Monday, June 22, 2009

Quiz #305 (2009-2-13) Answer

Click the picture for a larger view.

The photograph was not taken within 250 miles of the Pacific Ocean..

Answer by Tony Leukering

Ouch! This week's quiz bird is a member of the genus Corvus and with no sound nor flight style to use for ID, it's a hard one. We should first decide whether 'tis a raven or a crow. The shortish and fairly squared tail rules out most individuals of the two ABA-area raven species, as does the fairly short bill. While some may complain that separating the four ABA-area crow species is very difficult, I think that it's considerably easier than raven ID! Besides, we do have the red-text caveat that the bird is not a Northwestern Crow (regardless of what that taxon really is), so buck up and read on. Despite the difficulty, a plurality of respondents did go for the correct answer.

Those that play both of the online photo quizzes that I run may have an advantage in this quiz's solution; you may wish to refer to the picture in the June 2009 ABA online quiz ( One might do that because the two pictures ran concurrently for a week and they're both of crows! So, what's a responsible respondent to do, think that they're both the same species (which many know would not be at all beyond me) or randomly pick two species and guess one for each or should s/he buckle down and learn how to distinguish crows in flight. As I consider these quizzes as education venues, I'll be running us through the last of these three options.

So, we've got three species to consider: American, Fish, and Tamaulipas. As one respondent noted, it's a good thing that Sinaloa Crow (formerly part of Mexican Crow until the split creating Tamaulipas and Sinaloa crows) does not occur in the ABA area. Yet. They're quite similar, being lanky, glossy crows of coastal (and near-coastal) areas that almost certainly share a fairly recent common ancestor. In fact, Tamaulipas may be the easiest species to exclude, as our quiz bird is too chunky; too wide-winged; and, perhaps, too short-tailed for that taxon. I could not run down on the internet any pictures of the species in flight -- none in the VIREO collection and none on Flickr! Doesn't anyone have such? Despite this, my recollection of the species is of a long, lanky, narrow-winged, long-tailed crow that is quite different (in a subtle, crow-kind-of-way) from the other crows with which I am familiar.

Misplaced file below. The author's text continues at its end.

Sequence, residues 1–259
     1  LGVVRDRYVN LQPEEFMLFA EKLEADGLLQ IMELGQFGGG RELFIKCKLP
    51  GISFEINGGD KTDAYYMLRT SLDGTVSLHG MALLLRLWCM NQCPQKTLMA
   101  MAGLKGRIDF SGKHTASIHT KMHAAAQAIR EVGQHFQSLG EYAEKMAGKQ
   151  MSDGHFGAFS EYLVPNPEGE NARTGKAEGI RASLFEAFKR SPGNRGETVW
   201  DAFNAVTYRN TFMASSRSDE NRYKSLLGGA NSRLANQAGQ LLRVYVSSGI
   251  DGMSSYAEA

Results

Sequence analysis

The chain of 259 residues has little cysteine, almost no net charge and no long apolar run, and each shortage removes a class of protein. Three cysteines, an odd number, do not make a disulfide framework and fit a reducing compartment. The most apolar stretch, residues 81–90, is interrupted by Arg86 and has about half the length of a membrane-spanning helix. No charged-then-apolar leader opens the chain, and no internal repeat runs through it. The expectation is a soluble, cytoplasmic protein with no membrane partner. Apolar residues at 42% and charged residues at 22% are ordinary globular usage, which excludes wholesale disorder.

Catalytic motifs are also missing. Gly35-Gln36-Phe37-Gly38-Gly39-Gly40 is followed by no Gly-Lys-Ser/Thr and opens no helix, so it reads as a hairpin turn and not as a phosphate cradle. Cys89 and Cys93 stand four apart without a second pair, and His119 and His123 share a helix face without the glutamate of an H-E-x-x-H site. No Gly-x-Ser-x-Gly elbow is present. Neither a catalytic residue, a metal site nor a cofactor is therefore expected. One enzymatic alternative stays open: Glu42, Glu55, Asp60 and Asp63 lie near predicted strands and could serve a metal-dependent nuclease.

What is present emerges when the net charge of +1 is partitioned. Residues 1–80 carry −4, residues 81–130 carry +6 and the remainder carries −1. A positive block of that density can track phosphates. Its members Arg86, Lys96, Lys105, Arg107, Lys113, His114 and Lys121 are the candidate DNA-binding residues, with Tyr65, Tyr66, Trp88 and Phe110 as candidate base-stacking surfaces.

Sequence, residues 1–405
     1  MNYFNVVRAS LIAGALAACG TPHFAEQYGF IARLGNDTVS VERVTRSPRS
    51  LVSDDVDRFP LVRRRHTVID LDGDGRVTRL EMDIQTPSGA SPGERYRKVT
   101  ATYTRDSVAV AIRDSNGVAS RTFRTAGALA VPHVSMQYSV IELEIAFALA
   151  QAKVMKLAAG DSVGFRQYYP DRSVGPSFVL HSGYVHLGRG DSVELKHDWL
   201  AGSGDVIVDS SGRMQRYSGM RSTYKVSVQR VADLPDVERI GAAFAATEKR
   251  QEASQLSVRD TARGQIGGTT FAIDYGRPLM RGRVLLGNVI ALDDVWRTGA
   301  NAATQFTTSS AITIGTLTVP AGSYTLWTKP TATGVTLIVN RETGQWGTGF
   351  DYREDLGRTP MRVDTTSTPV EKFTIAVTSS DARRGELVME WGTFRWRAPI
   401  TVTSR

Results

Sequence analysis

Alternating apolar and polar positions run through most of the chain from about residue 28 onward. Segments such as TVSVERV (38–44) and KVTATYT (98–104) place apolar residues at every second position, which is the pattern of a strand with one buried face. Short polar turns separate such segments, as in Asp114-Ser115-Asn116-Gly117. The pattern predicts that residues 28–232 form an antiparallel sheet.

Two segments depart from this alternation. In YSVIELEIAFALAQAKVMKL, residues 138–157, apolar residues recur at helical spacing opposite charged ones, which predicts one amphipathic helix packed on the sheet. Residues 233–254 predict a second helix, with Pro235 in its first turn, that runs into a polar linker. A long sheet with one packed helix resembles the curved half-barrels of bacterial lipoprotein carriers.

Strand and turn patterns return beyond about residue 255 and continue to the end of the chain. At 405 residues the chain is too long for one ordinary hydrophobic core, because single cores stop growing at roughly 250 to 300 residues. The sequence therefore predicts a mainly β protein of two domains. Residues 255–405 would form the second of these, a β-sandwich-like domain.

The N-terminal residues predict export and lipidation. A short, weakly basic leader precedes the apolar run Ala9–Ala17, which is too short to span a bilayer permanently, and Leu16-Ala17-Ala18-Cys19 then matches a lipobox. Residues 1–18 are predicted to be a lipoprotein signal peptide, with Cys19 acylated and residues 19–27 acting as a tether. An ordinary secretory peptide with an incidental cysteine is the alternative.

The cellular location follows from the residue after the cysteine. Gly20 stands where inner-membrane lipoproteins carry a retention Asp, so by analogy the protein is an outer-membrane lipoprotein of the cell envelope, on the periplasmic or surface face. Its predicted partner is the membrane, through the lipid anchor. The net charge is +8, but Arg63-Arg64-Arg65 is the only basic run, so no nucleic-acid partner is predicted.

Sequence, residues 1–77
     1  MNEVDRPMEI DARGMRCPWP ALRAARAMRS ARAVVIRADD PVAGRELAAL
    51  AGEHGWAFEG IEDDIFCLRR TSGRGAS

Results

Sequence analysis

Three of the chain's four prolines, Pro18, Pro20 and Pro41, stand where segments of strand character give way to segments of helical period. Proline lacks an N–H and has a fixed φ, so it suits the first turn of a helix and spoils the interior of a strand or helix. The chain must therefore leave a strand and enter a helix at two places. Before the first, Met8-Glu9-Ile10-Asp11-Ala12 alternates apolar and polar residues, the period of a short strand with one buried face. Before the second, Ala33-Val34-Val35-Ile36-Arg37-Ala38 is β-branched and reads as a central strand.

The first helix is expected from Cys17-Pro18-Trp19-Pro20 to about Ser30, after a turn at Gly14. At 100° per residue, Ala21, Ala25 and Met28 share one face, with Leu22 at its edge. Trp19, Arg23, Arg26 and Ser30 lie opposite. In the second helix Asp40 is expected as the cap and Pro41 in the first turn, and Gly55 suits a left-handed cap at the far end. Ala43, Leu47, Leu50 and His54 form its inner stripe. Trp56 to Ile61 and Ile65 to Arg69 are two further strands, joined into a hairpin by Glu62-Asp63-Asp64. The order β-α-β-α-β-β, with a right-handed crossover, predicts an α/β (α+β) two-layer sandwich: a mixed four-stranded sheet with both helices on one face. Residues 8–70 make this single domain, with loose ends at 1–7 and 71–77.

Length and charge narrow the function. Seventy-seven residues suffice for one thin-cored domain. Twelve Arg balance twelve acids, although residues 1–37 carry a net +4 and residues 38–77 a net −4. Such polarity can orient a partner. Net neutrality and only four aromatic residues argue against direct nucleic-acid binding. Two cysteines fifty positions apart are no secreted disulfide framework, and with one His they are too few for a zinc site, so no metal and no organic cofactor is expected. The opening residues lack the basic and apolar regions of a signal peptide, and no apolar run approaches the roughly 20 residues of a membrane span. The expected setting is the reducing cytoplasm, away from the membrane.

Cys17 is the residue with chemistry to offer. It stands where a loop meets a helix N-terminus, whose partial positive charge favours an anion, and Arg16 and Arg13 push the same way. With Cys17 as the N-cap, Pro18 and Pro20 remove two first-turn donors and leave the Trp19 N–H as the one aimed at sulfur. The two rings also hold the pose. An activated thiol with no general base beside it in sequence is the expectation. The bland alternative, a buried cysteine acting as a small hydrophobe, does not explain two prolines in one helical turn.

As many ABA-area birders live in or near areas with both American and Fish crows, it ought to behoove them to learn their salient ID characters. However, from personal experience, I know that many birders believe that they're not identifiable without vocal cues (having even heard a field-trip leader in NJ say this to participants!). While ID may be difficult, it is in no way impossible without vocal cues. Proportions of wing length and tail length are useful (and were the cues that I used in my first stint living on the East Coast way back when). However, Michael O'Brien, who edited the text and artwork of the most recent edition of the venerable Peterson guide, put me onto another character that is more sure and doesn't require a lot of experience in judging wing and tail proportions of the two species. It is also one that he made sure to illustrate properly in the new Peterson guide (white cover with flicker). In fact, despite considering one-character ID suites anathema, I'm going to head down that road with this set of two crows.

What we need do, is study the wing formulae of the two birds. American Crow has more fingers -- and longer fingers -- than does Fish Crow ('fingers' being outer primaries, the tips of which are visibly separate from their neighbors on the spread wing, not cheek-to-jowl like the inner primaries and secondaries). Knowing that crows have ten primaries (as do all of the first half (or so) of the passerines) and counting backward from the outermost primary (primary #10; p10), one can see that p5 is quite distinct (thus, a finger) and is considerably longer than is p4, yet still noticeably shorter than is p6. On the ABA quiz crow, however, p5 is just a bit shorter than is p6 and just a bit longer than (and with its tip nearly adjacent to that of) p4. While one might think that this would be an impossible difference to discern in a flying crow, it's not actually all that difficult -- crows flap their wings at a relatively slow speed -- but does require at least reasonable views of the bird in question.

Now that we all know this difference between American and Fish crows, we all know that this week's quiz bird is an American Crow (whose picture I took 22 October 2008 at Cape May Point, Cape May Co., NJ).

With this quiz being the 13th and final quiz for the quarter, it's time to see who the winner is! Aaron Brees outlasted all other respondents and takes this quarter's prize (see the rules) by scoring 11 of 13 correct. Congrats, Aaron! The runners-up were Bryan Guarente, Mark Dettling, and Marcel Such.

Fish Crow - 6
Common Raven - 1
Tamaulipas Crow - 3
Red-winged Blackbird - 1

The 7 of 18 providing the correct answer:
Tyler Bell
John Bissell
Andy Dettling
Victor Germain
Peter Burke
Chishun Kwong
Andrea Smith-Guarente

Answer: American Crow